Gov. Mark Dayton is scheduled to receive a Platelet Rich Plasma (PRP) Injection on Wednesday at the Mayo Clinic designed to promote healing of a torn muscle in his left hip area.
On Tuesday, Dayton held a wide-ranging press briefing in which he openly discussed the procedure, which lasts about one hour and is done under local anesthesia.
Dayton said he's been dealing with an injury he sustained while coming down the steps at his residents in June ever since, explaining that he tore a muscle that still hasn't healed.
"I took the last two steps two at a time, and I pivoted and felt this pop -- the kind of pop I used to get in hockey if I had a bad sprain," Dayton recalled. "I had a bad sprain."
Only the keenest of observers may have seen the governor limp during the past few months, but his doctors hope a non-surgical treatment will get him back to a healthy gate.
The injection therapy involves drawing a small amount of blood which is then put into a centrifuge to separate the plasma which contains concentrated amounts of white blood cells. That plasma is then injected back into the damaged muscle tissue.
"Before or after that, they are going to put another needle in and put electric current into the damaged area to try and stimulate the regeneration," Dayton continued.
General post-procedure instructions call for the PRP recipient to refrain from placing any weight on the hip for the first two days, followed by up to two weeks of limited mobility. Dayton will work from the Governor's Residence during that time and will not hold public events.
The Mayo Clinic's description of the PRP procedure was included in the release:
"Platelet rich plasma (PRP) is a non-toxic, non-immune substance that accelerates healing. PRP is produced from the person's own blood using a process called platelet enrichment activation. This process allows the extraction of platelets from regular blood and their concentration to over 5 times normal. These concentrated platelets are then injected into the injured muscle to promote healing."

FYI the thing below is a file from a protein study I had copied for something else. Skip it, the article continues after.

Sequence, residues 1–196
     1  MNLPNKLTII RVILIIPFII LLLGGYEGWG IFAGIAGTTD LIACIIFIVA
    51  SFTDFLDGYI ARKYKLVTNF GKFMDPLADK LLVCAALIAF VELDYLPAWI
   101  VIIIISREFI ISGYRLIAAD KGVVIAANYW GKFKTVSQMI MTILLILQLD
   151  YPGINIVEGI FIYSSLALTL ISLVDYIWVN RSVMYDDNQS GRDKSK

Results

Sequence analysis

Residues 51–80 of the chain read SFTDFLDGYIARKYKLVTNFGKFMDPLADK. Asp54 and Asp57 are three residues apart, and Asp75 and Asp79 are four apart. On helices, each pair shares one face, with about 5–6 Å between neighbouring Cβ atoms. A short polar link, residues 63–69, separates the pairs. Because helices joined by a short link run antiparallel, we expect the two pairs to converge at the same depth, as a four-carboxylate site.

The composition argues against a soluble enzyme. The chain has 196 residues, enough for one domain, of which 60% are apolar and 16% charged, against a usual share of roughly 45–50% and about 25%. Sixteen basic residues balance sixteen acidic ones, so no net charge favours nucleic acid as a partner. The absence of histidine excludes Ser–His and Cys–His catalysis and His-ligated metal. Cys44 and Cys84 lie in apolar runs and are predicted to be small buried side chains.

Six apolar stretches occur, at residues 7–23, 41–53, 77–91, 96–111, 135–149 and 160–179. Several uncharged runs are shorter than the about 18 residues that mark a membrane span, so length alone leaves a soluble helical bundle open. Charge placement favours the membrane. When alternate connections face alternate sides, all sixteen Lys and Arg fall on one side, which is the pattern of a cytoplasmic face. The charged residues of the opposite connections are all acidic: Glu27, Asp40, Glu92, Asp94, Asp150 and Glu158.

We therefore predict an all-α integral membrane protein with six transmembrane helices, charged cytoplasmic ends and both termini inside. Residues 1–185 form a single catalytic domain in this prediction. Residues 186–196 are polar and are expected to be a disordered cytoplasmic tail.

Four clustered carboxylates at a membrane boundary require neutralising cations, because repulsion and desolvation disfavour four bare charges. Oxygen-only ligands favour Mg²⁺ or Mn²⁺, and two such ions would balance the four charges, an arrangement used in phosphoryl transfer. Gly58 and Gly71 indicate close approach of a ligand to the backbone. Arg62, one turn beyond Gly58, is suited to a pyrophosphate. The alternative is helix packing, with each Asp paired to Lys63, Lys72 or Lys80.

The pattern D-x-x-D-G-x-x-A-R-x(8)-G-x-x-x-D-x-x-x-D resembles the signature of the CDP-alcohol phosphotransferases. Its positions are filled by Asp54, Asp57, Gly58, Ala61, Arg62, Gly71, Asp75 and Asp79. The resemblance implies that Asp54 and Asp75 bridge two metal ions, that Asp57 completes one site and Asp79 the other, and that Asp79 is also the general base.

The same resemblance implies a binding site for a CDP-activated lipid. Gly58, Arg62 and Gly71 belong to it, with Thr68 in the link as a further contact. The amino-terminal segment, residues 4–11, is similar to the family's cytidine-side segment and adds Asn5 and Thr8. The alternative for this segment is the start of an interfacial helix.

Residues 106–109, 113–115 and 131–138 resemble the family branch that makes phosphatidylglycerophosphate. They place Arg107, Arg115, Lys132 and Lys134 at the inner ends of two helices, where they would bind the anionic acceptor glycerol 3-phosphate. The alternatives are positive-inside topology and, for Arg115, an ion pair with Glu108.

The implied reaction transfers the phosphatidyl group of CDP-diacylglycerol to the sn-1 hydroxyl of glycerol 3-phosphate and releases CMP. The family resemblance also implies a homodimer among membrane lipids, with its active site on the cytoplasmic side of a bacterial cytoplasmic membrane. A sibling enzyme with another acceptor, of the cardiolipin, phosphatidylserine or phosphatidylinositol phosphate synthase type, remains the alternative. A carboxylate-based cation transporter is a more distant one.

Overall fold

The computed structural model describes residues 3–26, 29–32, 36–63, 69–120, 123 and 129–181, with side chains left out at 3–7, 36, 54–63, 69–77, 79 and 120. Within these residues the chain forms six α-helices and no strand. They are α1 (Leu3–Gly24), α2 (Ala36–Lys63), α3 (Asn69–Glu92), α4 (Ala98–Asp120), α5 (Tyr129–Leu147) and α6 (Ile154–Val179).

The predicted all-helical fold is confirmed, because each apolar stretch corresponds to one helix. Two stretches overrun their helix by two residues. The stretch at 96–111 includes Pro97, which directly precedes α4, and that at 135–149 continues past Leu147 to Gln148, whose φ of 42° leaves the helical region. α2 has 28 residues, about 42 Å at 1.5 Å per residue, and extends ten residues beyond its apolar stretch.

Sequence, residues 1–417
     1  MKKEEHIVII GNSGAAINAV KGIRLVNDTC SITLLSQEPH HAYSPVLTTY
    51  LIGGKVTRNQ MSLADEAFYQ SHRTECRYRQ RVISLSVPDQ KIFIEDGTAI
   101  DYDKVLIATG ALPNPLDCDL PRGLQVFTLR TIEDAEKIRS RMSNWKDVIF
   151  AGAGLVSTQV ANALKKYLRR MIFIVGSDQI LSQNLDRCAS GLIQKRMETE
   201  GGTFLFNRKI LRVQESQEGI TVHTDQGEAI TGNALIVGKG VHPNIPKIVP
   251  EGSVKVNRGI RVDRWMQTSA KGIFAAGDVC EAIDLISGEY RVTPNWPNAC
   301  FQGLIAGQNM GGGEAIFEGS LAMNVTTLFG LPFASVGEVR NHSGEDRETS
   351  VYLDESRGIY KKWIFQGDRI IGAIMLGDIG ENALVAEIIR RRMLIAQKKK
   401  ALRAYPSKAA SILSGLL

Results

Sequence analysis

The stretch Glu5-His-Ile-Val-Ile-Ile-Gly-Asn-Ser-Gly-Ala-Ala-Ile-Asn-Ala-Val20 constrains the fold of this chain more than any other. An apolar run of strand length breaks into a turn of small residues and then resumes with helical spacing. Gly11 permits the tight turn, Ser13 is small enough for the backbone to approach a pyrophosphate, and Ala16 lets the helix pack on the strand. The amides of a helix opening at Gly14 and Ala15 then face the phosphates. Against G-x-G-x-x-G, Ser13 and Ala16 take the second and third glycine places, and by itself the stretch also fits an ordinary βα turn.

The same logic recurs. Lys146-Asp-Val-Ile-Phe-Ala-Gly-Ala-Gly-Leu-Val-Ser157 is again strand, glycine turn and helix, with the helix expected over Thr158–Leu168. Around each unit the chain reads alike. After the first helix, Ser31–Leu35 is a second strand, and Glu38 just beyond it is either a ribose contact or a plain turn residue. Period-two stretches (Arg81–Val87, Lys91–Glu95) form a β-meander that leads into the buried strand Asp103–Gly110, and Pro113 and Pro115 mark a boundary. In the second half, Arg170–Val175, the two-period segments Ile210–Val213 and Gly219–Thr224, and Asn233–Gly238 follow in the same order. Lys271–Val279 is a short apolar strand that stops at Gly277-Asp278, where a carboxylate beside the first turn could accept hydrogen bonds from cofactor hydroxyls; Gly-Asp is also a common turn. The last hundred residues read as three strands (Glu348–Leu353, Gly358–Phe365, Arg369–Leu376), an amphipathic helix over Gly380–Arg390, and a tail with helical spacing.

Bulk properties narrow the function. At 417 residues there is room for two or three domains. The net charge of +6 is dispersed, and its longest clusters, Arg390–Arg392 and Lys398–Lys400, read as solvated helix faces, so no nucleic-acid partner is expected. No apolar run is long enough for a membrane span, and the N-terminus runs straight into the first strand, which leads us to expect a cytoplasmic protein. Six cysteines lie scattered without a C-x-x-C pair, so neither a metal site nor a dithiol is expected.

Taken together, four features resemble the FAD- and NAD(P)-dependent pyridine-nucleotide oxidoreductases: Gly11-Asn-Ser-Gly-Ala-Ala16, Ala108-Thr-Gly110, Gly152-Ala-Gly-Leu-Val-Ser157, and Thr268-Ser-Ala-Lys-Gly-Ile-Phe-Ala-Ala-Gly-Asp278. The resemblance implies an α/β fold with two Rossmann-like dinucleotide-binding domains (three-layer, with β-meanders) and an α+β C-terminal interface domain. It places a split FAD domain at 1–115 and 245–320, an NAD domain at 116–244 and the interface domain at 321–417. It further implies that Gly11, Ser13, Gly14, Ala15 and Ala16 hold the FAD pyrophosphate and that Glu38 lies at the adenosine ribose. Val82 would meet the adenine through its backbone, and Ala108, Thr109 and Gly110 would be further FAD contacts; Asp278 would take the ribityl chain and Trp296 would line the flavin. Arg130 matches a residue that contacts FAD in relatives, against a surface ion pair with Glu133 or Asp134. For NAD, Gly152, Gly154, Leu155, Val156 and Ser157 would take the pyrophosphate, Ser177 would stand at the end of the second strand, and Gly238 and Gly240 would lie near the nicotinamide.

A PRP injection is a popular procedure that several athletes including Tiger Woods and Kobe Bryant have had, but scientific results are mixed so far. In 2010, a study in the journal of the American Medical Association found that, when compared with a saline injection, the PRP procedure did not result in greater improvement in pain and activity.
"What that says is that it's not as effective as the salt solution, which is effectively a placebo," Fox 9 medical expert Dr. Archelle Georgiou said.
Georgiou isn't sold on its effectiveness as there aren't any studies that show it truly works. Why so popular? The healing process for a muscle tear takes a long time, and for many patients, it seems like a viable way to speed up the healing process, or an alternative to a more invasive surgery.
"If it's not healing and you have so much pain that you're actually considering surgery, then this might be something reasonable to try," she said.
Yet, because there's not a lot of evidence that it works, most insurance policies -- including Medicare -- do not cover it. As for Dayton, he said if it doesn't work, he's tough and will limp it out. He also said the injury would not affect his decision to run for re-election.